President Barack Obama moved to fill a key job at the U.S. Environmental Protection Agency, nominating Avi Garbow to serve as general counsel.
Garabow, who has been deputy general counsel since 2009, previously spent five years at Cohen Milstein Sellers & Toll, where he was a partner. Before that, he was a junior partner at Wilmer Cutler Pickering Hale and Dorr, where he worked from 2002 to 2005.
If confirmed, Garabow would fill the spot vacated when Scott Fulton stepped down in January to become a visiting scholar at the Environmental Law Institute before joining Beveridge & Diamond as a partner in late March.
Brenda Mallory has been as acting general counsel in the interim. She was a partner at Beveridge & Diamond before she joined the EPA in 2005.
Garabow earned his law degree from the University of Virginia School of Law. From 1992 to 1995, he was an attorney and special assistant to the assistant administrator for enforcement and compliance assurance at the EPA. From there, he joined the Department of Justice as a trial attorney, working in the Environmental Crimes and Wildlife and Marine Resources Sections.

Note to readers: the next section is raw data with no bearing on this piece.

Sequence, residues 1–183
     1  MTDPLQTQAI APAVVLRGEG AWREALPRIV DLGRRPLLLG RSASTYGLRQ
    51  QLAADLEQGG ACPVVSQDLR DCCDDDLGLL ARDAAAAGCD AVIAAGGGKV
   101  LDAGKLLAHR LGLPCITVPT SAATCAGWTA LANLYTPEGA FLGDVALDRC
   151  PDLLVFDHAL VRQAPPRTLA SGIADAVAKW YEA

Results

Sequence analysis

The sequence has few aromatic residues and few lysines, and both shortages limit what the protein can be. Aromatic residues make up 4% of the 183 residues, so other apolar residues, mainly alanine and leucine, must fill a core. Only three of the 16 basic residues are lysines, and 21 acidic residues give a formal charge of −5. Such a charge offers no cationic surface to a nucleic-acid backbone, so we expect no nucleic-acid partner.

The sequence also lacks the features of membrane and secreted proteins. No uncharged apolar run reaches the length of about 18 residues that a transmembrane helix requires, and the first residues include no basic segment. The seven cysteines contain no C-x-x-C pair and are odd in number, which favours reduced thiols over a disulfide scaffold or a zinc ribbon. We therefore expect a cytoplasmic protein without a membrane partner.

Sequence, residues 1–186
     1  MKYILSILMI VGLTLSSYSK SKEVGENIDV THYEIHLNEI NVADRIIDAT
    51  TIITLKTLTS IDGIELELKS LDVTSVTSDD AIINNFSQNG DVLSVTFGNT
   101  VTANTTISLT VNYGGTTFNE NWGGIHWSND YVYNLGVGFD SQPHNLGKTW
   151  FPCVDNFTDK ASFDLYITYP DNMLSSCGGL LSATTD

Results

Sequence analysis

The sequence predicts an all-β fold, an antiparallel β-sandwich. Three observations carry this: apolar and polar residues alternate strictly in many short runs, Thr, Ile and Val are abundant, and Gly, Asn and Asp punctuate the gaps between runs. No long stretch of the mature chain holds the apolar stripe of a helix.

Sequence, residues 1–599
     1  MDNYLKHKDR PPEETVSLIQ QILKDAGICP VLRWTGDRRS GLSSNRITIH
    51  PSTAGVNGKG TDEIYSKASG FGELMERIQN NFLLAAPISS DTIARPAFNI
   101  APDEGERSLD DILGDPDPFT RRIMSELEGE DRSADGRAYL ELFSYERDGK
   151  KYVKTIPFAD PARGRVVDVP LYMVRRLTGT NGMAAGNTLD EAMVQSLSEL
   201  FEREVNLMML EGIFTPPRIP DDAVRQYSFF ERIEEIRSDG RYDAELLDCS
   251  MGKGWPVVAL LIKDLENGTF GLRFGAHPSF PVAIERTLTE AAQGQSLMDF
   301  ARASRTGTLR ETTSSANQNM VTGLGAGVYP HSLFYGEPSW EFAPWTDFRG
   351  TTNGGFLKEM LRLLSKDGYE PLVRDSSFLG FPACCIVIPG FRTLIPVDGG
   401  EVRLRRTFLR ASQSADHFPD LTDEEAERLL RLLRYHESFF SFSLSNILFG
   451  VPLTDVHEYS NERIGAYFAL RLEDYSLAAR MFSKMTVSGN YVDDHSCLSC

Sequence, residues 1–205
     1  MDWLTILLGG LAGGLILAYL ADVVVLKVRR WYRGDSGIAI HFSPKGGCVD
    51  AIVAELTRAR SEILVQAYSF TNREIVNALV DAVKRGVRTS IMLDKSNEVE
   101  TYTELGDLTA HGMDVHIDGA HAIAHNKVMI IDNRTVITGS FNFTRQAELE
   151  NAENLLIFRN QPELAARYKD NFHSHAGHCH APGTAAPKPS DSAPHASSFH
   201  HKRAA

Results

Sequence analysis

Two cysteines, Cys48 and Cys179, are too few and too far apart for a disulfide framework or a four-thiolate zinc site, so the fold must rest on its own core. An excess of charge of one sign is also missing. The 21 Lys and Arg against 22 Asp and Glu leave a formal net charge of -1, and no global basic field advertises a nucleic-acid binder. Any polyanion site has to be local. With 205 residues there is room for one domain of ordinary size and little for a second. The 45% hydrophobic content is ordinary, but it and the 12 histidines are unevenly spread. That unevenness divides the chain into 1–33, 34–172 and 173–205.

Gina McCarthy has been nominated to head the EPA, but her nomination has stalled in the Senate. One issue Republicans have seized on is the agency’s so-called “sue and settle” agreements.
“These settlement agreements are often accomplished in a closed door fashion that contravenes the Executive Branch's solemn obligation to defend the law, avoids transparency and accountability, excludes impacted parties, and often results in the federal government paying the legal bills of these special interest groups at taxpayer expense,” David Vitter (R – La.) and Jeff Sessions (R – Ala.) wrote to McCarthy on April 1. Vitter is the top Republican on the Senate Committee on Environment & Public Works.